Tuesday, October 02, 2007

Help Your Child Succeed in School

Copyright © 2007 Sally Goldberg, Ph.D.

Q. If you had to pick one strategy for helping your child to succeed in school, what would that be?

A. Self-esteem building. That holds the key.

A new school year is synonymous with a new beginning. "Get off to a good start" is what every parent says to every child. "Set up good study habits; make good friends; get good grades." These are all dreams of both parent and child. They sound good, and they are good; but they are only as good as your child feels about him/herself. Feelings of self-esteem, self-worth, and self-confidence are the foundation for making these kinds of successes happen.

Here's how you can help...

1. Show your child respect and appreciation. Respect your child as you say, "Please...," and appreciate your child as you say, "Thank you." It turns out that the way to teach your child to say "please" and "thank you" is to say "please" and "thank you" to your child.

2. Help your child uncover his own uniqueness. Take as much time as you can to delight in your child's individuality. Your child is the one and only person like he/she is. No one else has been born into the world like your child. Have fun helping your child discover his/her own personal passion, potential, and place in the world.

3. Change the word "misbehavior" to "mistaken behavior." What do we know about mistakes? We learn from them. Teach your child as much as possible how not to make the same mistakes again.

4. Help your child to learn, to do, and to be all he/she can. Reserve praise for major accomplishments, but encourage your child by noticing and reflecting back to him/her about small occurrences. You can show your awareness by reinforcements like:

"I noticed you finished your reading assignment. You are responsible."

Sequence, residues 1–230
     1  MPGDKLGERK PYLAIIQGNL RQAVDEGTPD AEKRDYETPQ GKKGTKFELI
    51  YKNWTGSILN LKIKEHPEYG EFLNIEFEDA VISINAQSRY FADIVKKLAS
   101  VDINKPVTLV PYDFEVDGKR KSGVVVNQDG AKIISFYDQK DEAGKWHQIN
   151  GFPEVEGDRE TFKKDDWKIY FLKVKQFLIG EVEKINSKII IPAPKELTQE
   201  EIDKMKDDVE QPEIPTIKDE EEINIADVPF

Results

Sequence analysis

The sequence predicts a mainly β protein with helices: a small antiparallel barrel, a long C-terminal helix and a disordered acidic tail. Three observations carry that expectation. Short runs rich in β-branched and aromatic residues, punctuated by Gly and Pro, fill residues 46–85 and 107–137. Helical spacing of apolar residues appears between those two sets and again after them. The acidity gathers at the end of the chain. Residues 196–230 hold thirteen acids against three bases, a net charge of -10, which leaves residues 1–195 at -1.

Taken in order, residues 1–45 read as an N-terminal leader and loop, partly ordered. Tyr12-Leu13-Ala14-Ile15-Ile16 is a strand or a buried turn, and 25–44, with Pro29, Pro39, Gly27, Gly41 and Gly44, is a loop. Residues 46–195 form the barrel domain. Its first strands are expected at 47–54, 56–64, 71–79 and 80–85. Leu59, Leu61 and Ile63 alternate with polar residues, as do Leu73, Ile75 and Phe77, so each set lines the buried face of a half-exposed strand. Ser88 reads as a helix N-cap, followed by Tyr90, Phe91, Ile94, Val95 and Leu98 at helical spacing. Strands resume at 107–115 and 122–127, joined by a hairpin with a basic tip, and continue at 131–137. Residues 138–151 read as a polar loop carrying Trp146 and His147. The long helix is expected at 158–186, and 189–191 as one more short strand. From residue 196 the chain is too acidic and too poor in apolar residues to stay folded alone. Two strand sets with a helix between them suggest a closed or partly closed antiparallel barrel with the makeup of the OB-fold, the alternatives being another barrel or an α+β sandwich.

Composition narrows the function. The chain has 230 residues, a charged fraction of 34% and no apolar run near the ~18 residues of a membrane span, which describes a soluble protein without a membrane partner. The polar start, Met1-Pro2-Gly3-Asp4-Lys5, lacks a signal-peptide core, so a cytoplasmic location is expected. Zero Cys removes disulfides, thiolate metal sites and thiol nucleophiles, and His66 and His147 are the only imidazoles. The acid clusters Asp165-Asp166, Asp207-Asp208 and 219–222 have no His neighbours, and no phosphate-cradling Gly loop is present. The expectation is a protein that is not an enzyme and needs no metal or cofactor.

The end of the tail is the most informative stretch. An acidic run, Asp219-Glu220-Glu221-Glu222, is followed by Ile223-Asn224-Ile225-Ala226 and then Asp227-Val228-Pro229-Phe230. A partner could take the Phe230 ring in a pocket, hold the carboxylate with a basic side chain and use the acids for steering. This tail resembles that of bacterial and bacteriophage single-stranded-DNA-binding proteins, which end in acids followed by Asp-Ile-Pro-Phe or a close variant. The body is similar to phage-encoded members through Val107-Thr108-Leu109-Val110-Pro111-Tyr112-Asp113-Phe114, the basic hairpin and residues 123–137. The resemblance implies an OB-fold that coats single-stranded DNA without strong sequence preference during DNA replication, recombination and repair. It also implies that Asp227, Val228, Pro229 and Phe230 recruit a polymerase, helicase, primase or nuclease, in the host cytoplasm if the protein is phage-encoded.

"I saw you open the door for your brother. That was helpful."

"I watched you put your favorite toy away. You handled it carefully."

Every small step is worthy of recognition as a major step toward further success.

Being the best at something is a respectable goal. However, doing the best you can comes first. Focus on your child's capability and strength. Notice his/her individuality. Help your child learn better behavior. Encourage him/her to succeed. What you think of your child is what your child will think of him/herself. Believe in your child; think positive; think strong. Self-esteem on the inside manifests itself in school success on the outside. Enjoy your partnership.

About The Author:

Sally Goldberg, Ph.D., is a professor of education at the University of Phoenix and parenting specialist. Through her books, articles, presentations, and one-on-one coaching she empowers parents to solve problems. She gives weekly parenting classes in different locations in Scottsdale, AZ. If you would like to contact Dr. Sally, you can reach her at 480-766-6323 or
drsally@drsallyparenting.com Find out more at http://www.drsallyparenting.com/

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